Dressing in the morning is a routine. Greeting your partner or child with a kiss before leaving the house is a ritual. This is because, contrary to the routine of getting dressed, the kiss encloses in itself an important value. For example, it can mean I love you…I will miss you.
Sunday dinner, relaxing together at the end of the day, having an ice cream or a cup of coffee are all examples of rituals and every family develops its own over time.
When the children are small, rituals are celebrated for their growth: feeding them, bathing them, or putting them to bed. Every time one of these actions is done together, the ties are consolidated between parents and children.
A ritual is any space the parents and children can access, sure of finding the occasion for a meaningful exchange with the person loved, a special way of reinforcing emotional bonds every day.
In conclusion, rituals represent precious times of communion around rites, able to guarantee that sense of security and protection we all need in order to find serenity and balance. They make us feel part of our family and offer us the right space to communicate and keep alive bonds with each other.
The power of rituals is precisely this: creating occasions for encounter even in times of contrast and, naturally, reinforcing the bonds when harmony returns.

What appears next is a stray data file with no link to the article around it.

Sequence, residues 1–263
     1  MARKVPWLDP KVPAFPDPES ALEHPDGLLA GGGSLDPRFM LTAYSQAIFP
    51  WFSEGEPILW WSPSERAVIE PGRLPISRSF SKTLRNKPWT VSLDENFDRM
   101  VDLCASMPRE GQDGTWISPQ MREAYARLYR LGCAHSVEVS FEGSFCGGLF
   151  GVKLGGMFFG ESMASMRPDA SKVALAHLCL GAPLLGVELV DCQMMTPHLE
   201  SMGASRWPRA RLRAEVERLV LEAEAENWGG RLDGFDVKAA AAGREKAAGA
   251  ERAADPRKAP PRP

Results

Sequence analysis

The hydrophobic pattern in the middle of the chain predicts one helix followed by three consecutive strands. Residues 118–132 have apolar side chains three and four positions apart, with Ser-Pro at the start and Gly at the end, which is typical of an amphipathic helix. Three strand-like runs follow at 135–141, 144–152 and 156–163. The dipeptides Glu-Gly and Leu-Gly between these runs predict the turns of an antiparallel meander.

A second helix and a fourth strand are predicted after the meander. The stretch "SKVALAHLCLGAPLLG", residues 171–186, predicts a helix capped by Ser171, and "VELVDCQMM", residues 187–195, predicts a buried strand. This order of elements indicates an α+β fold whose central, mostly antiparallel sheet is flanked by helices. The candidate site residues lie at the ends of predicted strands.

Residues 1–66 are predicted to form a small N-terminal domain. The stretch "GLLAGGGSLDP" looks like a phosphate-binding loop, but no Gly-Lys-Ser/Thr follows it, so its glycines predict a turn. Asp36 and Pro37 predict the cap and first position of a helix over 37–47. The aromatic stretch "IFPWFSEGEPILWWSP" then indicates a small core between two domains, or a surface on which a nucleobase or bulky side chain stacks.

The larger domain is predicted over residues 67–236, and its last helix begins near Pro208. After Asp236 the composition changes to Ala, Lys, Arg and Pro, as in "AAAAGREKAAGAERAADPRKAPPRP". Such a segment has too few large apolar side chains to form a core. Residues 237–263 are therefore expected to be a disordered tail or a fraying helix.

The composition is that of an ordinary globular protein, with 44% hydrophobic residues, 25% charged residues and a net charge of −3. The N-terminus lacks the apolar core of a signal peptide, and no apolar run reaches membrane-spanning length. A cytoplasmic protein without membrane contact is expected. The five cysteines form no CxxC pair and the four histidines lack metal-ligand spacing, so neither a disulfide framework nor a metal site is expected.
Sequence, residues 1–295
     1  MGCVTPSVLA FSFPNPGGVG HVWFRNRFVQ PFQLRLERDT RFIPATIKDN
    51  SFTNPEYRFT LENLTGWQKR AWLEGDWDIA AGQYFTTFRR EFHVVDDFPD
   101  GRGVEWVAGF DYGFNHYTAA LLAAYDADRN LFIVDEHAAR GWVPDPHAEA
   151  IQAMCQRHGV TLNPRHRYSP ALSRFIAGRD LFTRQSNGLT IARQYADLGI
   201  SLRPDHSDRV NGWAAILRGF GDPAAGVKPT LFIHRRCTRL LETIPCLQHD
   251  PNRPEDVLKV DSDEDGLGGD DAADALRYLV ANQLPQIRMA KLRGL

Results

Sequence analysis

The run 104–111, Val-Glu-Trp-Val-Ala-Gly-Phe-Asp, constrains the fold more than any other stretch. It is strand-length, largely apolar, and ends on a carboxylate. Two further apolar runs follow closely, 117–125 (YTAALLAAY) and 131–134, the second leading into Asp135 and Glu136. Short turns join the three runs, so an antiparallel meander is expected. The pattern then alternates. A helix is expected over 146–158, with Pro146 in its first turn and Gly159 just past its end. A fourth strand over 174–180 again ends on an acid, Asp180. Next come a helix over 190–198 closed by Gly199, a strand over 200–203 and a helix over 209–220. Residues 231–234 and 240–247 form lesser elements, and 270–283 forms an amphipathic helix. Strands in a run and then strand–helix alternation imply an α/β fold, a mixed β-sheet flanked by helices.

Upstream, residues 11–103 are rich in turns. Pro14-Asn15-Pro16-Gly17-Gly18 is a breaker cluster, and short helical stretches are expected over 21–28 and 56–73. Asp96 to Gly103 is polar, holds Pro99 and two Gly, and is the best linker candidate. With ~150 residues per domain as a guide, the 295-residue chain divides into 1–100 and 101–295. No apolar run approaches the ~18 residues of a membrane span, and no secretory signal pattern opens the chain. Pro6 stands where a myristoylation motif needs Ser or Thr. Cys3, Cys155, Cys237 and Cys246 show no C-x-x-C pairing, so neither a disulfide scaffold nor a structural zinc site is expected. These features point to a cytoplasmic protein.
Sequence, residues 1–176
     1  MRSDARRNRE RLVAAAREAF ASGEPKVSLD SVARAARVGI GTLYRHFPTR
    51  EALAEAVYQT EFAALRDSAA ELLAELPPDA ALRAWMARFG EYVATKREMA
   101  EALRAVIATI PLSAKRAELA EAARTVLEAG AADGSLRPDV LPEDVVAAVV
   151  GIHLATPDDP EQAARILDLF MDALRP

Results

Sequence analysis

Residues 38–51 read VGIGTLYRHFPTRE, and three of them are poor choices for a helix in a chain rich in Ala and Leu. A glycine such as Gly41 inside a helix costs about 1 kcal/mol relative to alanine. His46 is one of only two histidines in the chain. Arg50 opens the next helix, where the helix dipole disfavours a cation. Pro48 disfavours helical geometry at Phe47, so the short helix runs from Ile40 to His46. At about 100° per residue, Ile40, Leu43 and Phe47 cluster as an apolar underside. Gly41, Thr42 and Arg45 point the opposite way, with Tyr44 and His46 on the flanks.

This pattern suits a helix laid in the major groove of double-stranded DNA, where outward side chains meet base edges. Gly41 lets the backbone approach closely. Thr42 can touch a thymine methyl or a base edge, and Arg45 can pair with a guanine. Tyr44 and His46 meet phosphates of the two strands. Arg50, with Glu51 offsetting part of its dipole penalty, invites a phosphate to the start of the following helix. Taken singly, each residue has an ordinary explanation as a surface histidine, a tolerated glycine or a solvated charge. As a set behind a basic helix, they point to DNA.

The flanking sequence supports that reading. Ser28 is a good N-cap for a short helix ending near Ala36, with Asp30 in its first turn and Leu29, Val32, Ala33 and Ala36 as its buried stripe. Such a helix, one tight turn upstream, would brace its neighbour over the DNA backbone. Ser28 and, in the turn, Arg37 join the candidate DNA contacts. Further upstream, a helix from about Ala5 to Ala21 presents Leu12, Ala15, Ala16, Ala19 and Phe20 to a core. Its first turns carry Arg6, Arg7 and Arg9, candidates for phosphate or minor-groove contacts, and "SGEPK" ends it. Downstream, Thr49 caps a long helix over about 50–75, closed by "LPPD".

2017Strenna Reflection (July)
Amiability, Salesian Joy
In our world, in our families, with those around us we need amiability; more so with young people. We need to ask it as a gift, and to increase it as a virtue and through gestures that favor communication, relationships and make God’s love evident. It all begins with a kind word, or a subtle, kind, courteous, loving detail.
Paul in his Letter to Timothy considered it important and recommended all Christians to be amiable to everyone. Lovable is a person who, from their affectionate, gentle, caring and affectionate attitude, is worthy of being loved.
As a “pedagogue” of young people, Don Bosco knew by experience that it is not enough to love. “Pedagogical charity” requires more; “make oneself loved and lovable; that is, know how to translate love into behavior and acts of generosity, kindness, in a methodology of friendliness, familiarity through dialogue and the joy of living together ” (cit. ACS 310, pp 11-12).
It is, in the end, “to be loved”, the result of a spirituality and apostolic methodology that is especially original.
This was to be Don Bosco’s desire for the Salesians: “study how to make yourself loved” by young people, a fundamental aspect of his educational proposal.
Amiability produces peace and is contagious, has the power to “disarm hearts”; in other words, courtesy has the ability to free others from negative emotions because the other lowers their hands, calms down, before a kind gesture.